Today 90 years ago: Christmas Truce
The so-called "Christmas truce" began on Christmas Eve, December 24, 1914, during World War I, when German troops began decorating the area around their trenches in the region of Ypres, Belgium for Christmas. They began by placing candles on trees, then continued the celebration by singing Christmas carols. The British troops in the trenches across from them responded by singing English carols.
The two sides continued by shouting holiday greetings to each other. Soon, there were calls for visits across the "No Man's Land", where small gifts were exchanged — whiskey, cigars, and the like. The artillery in the region fell silent that night. The truce also allowed a breathing spell where recently fallen soldiers could be brought back behind their lines by burial parties. Proper burials took place as soldiers from both sides mourned the dead together and paid their respect.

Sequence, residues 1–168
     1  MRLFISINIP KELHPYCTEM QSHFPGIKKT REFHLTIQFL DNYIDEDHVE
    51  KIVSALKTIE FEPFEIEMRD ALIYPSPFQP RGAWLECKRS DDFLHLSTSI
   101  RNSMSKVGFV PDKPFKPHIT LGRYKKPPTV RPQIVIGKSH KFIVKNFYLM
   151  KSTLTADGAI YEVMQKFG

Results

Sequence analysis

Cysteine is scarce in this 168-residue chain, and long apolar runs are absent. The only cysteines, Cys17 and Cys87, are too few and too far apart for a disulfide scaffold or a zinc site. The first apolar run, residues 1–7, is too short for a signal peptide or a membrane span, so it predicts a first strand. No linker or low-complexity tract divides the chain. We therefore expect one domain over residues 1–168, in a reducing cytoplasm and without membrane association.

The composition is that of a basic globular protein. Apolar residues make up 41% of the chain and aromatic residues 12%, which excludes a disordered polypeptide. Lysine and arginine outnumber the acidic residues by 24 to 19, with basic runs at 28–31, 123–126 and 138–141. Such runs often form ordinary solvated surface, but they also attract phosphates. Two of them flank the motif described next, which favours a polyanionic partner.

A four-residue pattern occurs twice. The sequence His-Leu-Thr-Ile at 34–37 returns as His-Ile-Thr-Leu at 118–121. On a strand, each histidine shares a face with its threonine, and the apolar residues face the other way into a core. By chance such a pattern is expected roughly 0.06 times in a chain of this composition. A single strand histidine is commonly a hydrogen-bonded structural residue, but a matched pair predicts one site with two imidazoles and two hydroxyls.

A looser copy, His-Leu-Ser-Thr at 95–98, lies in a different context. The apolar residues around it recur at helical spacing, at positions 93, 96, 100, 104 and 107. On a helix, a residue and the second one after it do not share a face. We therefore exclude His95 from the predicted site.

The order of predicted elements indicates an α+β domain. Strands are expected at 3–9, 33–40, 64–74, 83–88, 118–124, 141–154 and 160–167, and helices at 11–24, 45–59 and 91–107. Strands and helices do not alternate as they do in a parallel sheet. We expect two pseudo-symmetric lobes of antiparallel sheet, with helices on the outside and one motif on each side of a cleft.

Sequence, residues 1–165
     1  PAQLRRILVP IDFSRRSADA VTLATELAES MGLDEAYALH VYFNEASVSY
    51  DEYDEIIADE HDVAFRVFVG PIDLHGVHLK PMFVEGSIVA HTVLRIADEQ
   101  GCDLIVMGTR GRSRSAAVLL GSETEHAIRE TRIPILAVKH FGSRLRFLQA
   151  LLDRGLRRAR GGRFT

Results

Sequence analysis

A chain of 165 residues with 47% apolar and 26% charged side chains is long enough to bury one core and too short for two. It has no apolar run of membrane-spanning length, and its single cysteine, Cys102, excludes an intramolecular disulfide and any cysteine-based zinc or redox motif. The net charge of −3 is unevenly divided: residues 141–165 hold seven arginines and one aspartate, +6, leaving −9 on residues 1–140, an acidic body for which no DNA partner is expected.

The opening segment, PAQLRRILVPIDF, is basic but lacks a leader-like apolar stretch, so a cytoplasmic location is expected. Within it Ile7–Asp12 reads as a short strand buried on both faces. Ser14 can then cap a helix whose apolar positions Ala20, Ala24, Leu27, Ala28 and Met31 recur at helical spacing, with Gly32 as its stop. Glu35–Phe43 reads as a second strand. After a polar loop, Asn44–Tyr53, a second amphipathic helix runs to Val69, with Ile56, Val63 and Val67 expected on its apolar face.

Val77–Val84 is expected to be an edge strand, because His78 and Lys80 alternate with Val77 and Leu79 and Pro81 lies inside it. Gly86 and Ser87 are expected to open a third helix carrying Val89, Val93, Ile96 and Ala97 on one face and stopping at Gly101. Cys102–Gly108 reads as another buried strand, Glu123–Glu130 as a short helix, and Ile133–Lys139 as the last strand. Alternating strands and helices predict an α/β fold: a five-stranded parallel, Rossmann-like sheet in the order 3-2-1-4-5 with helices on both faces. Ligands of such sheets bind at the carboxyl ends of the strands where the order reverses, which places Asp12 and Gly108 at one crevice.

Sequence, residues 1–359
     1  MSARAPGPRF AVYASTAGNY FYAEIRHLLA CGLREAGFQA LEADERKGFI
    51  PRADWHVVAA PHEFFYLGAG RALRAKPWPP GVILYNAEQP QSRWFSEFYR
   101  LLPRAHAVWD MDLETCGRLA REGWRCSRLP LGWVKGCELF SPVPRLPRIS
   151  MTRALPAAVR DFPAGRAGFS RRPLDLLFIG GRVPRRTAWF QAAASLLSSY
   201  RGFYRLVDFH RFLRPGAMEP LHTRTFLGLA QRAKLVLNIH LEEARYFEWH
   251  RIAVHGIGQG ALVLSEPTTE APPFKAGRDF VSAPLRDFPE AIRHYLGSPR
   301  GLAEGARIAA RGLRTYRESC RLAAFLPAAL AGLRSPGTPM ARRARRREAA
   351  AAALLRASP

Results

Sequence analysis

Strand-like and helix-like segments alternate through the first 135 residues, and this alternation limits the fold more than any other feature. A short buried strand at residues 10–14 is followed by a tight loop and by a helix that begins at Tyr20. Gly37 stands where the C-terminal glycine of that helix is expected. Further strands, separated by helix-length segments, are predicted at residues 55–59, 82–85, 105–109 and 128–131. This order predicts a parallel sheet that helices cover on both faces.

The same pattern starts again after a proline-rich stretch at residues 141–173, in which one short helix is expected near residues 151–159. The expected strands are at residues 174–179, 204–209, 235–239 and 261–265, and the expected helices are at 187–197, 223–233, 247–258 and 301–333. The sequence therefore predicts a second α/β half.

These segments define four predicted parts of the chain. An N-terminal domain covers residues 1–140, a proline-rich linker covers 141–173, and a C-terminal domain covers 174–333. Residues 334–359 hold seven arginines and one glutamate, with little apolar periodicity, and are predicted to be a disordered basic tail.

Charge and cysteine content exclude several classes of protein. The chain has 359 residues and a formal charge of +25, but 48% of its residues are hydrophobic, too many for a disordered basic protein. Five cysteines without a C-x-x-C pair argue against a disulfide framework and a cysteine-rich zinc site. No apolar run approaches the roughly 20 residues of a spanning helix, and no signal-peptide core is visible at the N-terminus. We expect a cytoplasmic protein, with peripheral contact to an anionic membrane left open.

The truce spread to other areas of the lines, and there is a perhaps apocryphal story of a football match between the opposing forces, which ended when the ball struck a strand of barbed wire and deflated.
In many sectors, the truce lasted through Christmas night, but in some areas, it continued until New Year's Day.